- Lack of love and respect - he feels he gets from his father. The first half of the novel concerns the tensions which Amir feels in his life between wanting to be his own man and the desire to be the man his father wants. Central factor in his decision not to help Hassan during the attack in the valley. Even when Baba is dead he is still a presence in Amir's life and Amir's decision to re-visit Kabul and retrieve Sohrab can be seen as his attempt to reconcile his feelings for his father. He stands up to Assef and fights for the posession of Sohrab, Baba's grandson, meaning he has become who his father wanted him to be. His return to the USA shows this - building a hospital in Afghanistan mirrors his father's orphanage.
- Stories and writing - inherited from his mother who taught literature. Escape - from percieved lack of love from Baba and later problems in his life and homeland.
- Amir's life turned to narrative (coherent story) - writing a book about himself (catharsis).
- He gives the title of the book - arguable the most significant character. Hassan's story and what he represents to Amir and Baba are crucial driving forces in the novel.
- Disappears in Amir's narrative early on - reappears in Rahim Khan's and a letter. But his presence lingers taking part in events.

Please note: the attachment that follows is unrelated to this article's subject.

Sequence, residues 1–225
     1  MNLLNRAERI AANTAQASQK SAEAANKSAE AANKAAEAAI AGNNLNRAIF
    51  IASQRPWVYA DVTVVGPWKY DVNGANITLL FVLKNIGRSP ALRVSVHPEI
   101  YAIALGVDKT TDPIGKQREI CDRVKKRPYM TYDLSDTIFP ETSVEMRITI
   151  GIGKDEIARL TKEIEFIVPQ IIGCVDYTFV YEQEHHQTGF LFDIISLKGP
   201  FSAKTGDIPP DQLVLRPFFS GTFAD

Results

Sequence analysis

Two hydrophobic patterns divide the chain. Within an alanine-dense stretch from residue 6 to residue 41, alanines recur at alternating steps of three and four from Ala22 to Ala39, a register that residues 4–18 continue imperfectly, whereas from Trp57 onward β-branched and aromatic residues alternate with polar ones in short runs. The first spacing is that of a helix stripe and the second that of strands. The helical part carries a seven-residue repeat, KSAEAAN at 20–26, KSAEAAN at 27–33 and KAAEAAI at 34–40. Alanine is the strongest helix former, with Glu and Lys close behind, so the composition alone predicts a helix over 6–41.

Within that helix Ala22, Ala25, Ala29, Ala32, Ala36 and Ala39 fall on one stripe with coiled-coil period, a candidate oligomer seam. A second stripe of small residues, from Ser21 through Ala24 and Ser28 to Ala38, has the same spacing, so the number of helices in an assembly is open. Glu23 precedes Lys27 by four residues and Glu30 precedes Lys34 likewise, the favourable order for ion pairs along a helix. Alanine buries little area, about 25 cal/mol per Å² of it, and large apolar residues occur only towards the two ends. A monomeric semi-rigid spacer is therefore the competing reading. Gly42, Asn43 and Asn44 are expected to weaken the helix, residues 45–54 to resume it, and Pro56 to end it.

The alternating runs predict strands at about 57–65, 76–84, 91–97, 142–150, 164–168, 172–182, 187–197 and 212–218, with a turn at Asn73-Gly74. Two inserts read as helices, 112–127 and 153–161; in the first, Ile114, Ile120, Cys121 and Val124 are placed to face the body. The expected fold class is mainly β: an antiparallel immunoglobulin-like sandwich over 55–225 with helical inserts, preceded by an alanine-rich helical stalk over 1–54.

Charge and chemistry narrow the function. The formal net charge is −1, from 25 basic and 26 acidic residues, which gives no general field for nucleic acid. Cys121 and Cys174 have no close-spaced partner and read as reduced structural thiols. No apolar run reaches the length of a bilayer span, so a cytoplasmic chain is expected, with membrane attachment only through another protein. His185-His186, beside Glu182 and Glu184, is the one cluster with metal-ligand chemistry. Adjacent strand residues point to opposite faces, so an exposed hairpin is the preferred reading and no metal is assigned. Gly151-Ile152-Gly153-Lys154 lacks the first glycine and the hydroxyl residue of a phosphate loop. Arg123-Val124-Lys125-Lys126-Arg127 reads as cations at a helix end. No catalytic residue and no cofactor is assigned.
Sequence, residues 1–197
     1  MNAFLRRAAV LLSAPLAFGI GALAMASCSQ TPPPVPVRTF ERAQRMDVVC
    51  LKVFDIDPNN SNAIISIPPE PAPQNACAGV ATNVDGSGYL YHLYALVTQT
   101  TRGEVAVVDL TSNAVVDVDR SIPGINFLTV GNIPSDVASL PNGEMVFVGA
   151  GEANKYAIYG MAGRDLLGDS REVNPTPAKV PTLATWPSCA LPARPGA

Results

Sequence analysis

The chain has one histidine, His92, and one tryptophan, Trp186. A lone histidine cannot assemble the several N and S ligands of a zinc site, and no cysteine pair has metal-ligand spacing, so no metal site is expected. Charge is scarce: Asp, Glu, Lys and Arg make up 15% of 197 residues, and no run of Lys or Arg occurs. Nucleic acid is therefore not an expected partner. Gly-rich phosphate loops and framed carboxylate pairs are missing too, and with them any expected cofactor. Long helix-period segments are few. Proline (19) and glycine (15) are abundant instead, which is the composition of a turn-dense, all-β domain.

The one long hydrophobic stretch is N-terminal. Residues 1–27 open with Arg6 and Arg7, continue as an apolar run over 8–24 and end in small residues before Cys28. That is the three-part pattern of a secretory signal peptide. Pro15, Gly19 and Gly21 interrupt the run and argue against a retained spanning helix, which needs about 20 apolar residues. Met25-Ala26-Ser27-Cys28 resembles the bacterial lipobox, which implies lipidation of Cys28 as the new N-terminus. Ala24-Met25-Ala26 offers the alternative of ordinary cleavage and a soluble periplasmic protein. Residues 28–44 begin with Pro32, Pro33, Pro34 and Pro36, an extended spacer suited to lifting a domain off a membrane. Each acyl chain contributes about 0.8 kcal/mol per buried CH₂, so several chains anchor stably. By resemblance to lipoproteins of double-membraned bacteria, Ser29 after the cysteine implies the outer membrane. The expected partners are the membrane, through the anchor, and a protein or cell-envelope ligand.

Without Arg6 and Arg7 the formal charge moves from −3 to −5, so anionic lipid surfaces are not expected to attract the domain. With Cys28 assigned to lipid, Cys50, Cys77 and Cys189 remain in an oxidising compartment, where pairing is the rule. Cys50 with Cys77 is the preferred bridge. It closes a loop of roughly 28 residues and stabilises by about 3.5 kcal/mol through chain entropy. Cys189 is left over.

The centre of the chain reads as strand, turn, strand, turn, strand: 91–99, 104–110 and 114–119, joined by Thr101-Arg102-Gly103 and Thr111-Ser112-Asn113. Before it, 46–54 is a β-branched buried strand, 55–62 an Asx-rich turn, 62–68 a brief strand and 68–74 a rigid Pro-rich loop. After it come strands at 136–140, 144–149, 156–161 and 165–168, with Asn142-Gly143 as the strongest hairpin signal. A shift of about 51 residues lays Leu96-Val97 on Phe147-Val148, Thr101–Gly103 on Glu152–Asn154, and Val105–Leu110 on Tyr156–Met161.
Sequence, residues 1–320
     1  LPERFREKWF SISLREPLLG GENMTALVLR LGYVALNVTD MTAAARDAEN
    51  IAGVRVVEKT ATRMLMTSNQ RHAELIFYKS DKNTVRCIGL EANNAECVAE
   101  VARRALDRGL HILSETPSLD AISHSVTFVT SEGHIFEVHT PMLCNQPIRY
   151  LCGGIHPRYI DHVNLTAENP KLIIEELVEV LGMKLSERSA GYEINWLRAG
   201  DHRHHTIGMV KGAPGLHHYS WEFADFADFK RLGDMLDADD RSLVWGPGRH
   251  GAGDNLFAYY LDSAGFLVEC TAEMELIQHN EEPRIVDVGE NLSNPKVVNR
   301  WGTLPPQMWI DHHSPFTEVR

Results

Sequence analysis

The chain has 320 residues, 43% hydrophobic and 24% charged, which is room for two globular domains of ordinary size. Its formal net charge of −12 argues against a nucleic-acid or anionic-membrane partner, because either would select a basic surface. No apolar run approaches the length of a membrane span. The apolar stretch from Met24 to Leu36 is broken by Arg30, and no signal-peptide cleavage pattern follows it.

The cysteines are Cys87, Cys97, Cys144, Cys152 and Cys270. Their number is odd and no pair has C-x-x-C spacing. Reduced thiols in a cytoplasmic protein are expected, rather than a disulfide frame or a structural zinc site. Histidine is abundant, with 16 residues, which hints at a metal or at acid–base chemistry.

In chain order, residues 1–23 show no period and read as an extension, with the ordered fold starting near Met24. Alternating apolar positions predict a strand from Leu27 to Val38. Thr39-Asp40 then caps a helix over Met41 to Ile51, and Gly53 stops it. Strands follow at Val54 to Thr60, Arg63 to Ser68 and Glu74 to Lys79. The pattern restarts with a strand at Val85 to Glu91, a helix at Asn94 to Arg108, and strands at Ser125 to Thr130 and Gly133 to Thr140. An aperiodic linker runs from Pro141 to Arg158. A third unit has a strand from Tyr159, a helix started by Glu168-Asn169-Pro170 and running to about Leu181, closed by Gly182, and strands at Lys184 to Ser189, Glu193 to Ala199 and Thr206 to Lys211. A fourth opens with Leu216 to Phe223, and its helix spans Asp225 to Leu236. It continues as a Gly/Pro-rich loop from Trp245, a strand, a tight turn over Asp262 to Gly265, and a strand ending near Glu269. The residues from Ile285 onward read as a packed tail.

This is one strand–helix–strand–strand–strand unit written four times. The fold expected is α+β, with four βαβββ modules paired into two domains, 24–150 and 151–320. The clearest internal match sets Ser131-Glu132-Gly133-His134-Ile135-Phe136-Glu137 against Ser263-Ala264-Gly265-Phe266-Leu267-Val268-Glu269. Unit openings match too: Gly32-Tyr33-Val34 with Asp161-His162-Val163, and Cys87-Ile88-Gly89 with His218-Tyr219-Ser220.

- Chapter 2 - description of him. His cleft lip is corrected in Chapter 5. Other than this all we learn about his is from his letter in Chapter 17 via Amir's perception - only a partial perspective.
- Hassan has been born into servitude but doesn't resent this - his father becomes ill, causing burdens - he's a Hazara and so looked down upon. Despite this, he recieves a great deal of warmth and love from Ali and so does not suffer from the same need to strive for his father's affections which appears to feature so much in Amir's life.
- Up to his **** the hardships he has to live do not bother him - but the tales of Hassan are coloured by Amir's 30 years of guilt - Amir feels the need to remember his friend as a happy and carefree boy up the the point of his betrayal. The only way we see a true picture of Hassan's life is though his letter he writes to Amir 25 years after they last saw eachother.